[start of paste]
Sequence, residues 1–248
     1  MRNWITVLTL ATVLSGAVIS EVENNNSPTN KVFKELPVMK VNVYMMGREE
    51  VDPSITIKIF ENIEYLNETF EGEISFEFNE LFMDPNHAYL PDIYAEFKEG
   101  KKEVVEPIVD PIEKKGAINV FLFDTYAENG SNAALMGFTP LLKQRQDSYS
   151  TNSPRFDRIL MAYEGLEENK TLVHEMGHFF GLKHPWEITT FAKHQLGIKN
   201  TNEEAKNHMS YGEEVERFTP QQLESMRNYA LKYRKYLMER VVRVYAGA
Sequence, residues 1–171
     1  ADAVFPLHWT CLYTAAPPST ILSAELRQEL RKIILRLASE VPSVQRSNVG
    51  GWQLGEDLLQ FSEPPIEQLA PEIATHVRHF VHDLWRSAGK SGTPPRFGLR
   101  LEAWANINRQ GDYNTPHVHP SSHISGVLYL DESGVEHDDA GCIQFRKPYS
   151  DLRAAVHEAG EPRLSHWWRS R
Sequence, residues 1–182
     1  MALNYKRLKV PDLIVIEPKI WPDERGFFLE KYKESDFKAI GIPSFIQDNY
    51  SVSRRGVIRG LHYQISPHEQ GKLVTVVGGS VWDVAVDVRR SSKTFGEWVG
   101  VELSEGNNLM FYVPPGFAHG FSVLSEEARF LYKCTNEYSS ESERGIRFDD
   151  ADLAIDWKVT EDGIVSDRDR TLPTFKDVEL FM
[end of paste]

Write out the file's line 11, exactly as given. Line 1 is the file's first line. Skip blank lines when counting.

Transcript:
   151  DLRAAVHEAG EPRLSHWWRS R